One source of hope during those dark days was a Catholic hospital chaplain whom he often saw walking past his door. Schrenk wasn’t Catholic — he wasn’t religious at all, really — but one day the chaplain stopped in to say hi anyway, and the two struck up a friendship. “He and I became very close,” Schrenk said. The chaplain’s kindness and generosity made Schrenk curious about his faith.
“I always considered myself someone who believed in God,” Schrenk said, but he’d never felt a close connection with God. “I felt distant throughout my life.”
Eventually he told the chaplain he was interested in learning more about Catholicism. So when Schrenk got out of the hospital and moved home with his dad in Bothell, the chaplain contacted St. Brendan Parish nearby to see if there was anyone who could visit him.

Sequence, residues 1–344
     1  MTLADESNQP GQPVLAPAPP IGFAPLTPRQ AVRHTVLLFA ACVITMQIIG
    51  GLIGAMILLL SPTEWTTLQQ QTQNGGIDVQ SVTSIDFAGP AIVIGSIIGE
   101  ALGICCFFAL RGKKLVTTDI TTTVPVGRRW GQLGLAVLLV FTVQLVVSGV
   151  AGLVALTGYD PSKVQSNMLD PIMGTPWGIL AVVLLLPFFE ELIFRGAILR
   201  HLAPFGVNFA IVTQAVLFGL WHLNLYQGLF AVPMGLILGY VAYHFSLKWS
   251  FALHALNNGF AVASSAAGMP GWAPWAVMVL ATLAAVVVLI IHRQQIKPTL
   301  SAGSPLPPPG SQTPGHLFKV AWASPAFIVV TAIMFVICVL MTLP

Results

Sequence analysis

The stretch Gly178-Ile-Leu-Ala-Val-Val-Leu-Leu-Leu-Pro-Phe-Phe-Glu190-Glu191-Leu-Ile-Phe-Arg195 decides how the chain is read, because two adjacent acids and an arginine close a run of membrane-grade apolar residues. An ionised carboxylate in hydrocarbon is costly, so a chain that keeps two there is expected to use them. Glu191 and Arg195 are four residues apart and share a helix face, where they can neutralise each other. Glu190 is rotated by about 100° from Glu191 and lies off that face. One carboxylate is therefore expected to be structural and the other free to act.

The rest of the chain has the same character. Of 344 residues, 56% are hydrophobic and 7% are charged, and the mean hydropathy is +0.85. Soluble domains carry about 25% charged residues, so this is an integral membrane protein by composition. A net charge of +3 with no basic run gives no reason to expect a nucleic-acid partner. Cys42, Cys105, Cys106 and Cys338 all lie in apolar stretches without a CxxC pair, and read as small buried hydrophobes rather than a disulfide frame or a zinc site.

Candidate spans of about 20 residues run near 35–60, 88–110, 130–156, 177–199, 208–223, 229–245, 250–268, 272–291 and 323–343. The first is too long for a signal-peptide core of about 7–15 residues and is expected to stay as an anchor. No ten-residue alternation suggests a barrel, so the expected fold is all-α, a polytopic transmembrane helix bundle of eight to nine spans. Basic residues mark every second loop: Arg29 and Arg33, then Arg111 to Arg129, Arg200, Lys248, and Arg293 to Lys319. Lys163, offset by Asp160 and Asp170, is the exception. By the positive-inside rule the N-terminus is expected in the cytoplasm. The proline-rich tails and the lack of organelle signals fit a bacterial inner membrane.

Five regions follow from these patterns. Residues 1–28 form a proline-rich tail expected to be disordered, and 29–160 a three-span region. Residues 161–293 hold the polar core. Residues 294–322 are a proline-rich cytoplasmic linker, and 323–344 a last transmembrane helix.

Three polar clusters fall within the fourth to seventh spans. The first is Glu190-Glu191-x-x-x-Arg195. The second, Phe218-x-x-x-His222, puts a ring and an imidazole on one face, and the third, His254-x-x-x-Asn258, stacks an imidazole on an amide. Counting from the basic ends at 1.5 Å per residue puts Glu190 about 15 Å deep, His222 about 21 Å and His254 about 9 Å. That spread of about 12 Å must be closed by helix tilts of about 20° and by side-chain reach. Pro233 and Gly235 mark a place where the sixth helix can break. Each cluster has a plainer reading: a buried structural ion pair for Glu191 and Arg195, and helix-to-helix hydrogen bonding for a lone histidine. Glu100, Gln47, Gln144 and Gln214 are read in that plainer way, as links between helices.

Deacon José Blakeley sometimes tries out his Sunday homilies during Saturday meetings with Tyler Schrenk. Photo: Stephen Brashear
‘Why are you Catholic?’
There was. Pastoral associate Linda Haptonstall visited Schrenk a few times then introduced him to parishioner José Blakeley, who had just been ordained a deacon on Oct. 27, 2012, and was eager to find ways to serve others outside of Mass.
“They hit it off right away,” Haptonstall said. A shared love of sports was the key. Deacon Blakeley started visiting Schrenk on Saturdays. They’d hang out, chat, maybe watch a game. The deacon wasn’t there to evangelize or catechize — he was actually under the impression that Schrenk was Catholic. “But I was willing to offer friendship,” he said.
Their friendship grew, and one day Schrenk asked, “José, why are you Catholic?”